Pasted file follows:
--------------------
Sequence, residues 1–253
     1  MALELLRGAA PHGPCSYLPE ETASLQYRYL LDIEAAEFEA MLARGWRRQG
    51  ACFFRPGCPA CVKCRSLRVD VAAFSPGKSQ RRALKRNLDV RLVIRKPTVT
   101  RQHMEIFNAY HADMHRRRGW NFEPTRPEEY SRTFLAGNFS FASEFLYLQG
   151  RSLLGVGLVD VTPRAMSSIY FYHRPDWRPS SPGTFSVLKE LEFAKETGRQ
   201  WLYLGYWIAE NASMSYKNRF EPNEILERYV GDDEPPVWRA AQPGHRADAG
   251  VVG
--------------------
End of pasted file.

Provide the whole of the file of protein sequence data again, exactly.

Sequence, residues 1–253
     1  MALELLRGAA PHGPCSYLPE ETASLQYRYL LDIEAAEFEA MLARGWRRQG
    51  ACFFRPGCPA CVKCRSLRVD VAAFSPGKSQ RRALKRNLDV RLVIRKPTVT
   101  RQHMEIFNAY HADMHRRRGW NFEPTRPEEY SRTFLAGNFS FASEFLYLQG
   151  RSLLGVGLVD VTPRAMSSIY FYHRPDWRPS SPGTFSVLKE LEFAKETGRQ
   201  WLYLGYWIAE NASMSYKNRF EPNEILERYV GDDEPPVWRA AQPGHRADAG
   251  VVG